The lock has had this name since it was recorded in the first detailed survey of 1792. However, on 12th January 1780 it was “Resolved that the following Locks be repaired with all convenient speed Viz. Dole Mead Lock (probably Hardmead), Nazeing Mead Lock, Carthagena Lock, The Aqueduct Lock at Cheshunt Millstream, Waltham Lock, Rammey Mead Lock, Enfield Lock, Enfield Half Lock, Piggotts Lock, Cooks Lock, Boltons Lock, Stonebridge Lock, Tottenham Lock, Lee Bridge Half Lock, Hackney Marsh Brick Cistern Lock And It Is Ordered that the Surveyor do repair the same as he shall find them absolutely necessary” (NA Rail 845/5)
John Rennie listed it as Ardneath Lock in his report of 1804, when he recorded “this lock is in pretty good condition”. This lock later took over the fall of Ware half-lock, which was at the southern edge of Ware.
On 15th July 1857 Mr Beardmore was "directed to repair Hardmead Lock during the Annual Stoppage of 13 days in August next." Five days later he was "directed to proceed with building Hardmead Lock on the new site as proposed in May last." (NA Rail 845/14). The old and new locks are shown on his working plan below.
LMA ACC 2423/P469
On 14.5.1860, "The east wall (of the new 16 foot wide lock) gave way by turning over at 6 o'clock (in the morning). It will take at least 16 days....to replace and will cost nearly £400. The cause of the disaster was a sudden flood carrying away the backing owing partly to it having been of a very inferior character as dredged out of the Cuts below and partly from the access given by a circular pit in which the tail of the drawbridge worked. There was no better stuff at disposal within 12 miles and this could not be got at at the point of failure from the necessity of closing it during a stoppage but it is a warning against all but work of the most expensive character in these new large and deep locks. The whole staff is taken off Stonebridge and I trust the effectual reinstatement will be very rapid as I do not think there is any more serious damage than the breaking down of the wall between the upper and lower gates which remain with their hollow quoins comparatively undamaged" (NA Rail 845/15)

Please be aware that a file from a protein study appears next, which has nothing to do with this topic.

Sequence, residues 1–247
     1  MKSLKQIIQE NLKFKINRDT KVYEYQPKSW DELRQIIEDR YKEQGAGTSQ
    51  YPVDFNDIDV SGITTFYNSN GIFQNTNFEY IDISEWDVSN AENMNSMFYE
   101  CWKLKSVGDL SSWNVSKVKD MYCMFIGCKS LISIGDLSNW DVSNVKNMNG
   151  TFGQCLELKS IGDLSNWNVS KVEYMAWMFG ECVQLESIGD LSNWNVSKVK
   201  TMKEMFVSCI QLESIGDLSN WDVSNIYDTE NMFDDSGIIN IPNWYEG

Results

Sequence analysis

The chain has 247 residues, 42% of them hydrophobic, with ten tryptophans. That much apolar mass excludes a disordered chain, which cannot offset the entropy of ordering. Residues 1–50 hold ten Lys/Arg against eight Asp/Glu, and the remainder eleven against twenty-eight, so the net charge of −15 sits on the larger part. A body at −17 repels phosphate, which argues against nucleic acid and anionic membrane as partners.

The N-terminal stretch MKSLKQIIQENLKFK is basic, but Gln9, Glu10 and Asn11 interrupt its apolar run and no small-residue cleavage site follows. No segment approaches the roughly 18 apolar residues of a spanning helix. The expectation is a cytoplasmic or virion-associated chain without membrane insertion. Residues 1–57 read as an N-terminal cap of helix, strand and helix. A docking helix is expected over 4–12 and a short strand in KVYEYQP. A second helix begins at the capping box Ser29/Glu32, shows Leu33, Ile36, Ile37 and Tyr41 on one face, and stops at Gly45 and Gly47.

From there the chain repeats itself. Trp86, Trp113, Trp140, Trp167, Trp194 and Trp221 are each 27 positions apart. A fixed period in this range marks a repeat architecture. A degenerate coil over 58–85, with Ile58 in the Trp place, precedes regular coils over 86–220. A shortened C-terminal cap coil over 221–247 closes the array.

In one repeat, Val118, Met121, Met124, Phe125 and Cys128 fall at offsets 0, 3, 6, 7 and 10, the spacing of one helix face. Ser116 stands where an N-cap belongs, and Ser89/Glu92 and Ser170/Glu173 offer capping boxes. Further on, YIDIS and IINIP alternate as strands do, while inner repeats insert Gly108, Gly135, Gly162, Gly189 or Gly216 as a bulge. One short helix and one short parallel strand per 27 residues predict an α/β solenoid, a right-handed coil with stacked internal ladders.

On 18.6.1863, it was authorised that the swing bridge over the chamber be removed and a new fixed bridge be built (NA Rail 845/15)
15.9.1871. In the Minutes "There being no Lock keeper at the Hardmead Lock some mischievous Boys who generally congregate there on a Sunday threw a Barrow into the Lock and the barge "Express" belonging to Mr Green of Ware was passing downwards was pricked by the Handle of the Barrow between the Timbers causing her to leak, and some of the Malt at the bottom of the Barge got wet..." (NA Rail 845/18)
The lock house was authorised as early as 1873 but not built until after Walter Green gained the contract at £185/10/0 on 15.9.1876 (NA Rail 845/20).
The original design dated 8.7.1876 (shown below) featured
only one attic window and a leanto privy and ashbin on the
left with a scullery to the right.
LMA ACC 2423/P911 LMA ACC 2423/P016
The house that was built by Walter Green in 1876 (above right) was to the same pattern as that built at Hertford in 1878 and Tottenham in 1881.
In July 1877 it “was not quite dry yet.” (NA Rail 845/21). Alterations were recommended on 26.10.1877 “that the room upstairs intended for a loft have moveable windows put in and made into a bedroom, and glass to be put in the slots in the porch” (NA Rail 845/21)
20.4.1883 The new lock house was insured for £250 (not in former policy) (NA Rail 845/23).
15.9.1899 “That a well be sunk at a cost of £6” (NA Rail 845/29)
2.10.1885 "..damage done...in consequence of the stop rope not being properly fastened, the barge (Faith) ran into the lock and on to the low gates and forced one over...about 1½". It is impossible to straighten it and it is much regretted that a pair of such splendid new gates only fixed about 2 months ago should be so damaged by carelessness and I think the bargeman ought to be punished" (J Child) LMA ACC 2423/002
Hardmead lock house, 2008. Extended and modernised £799,950 (5.9.2011 £699,995)
This site was last updated 03-Mar-2021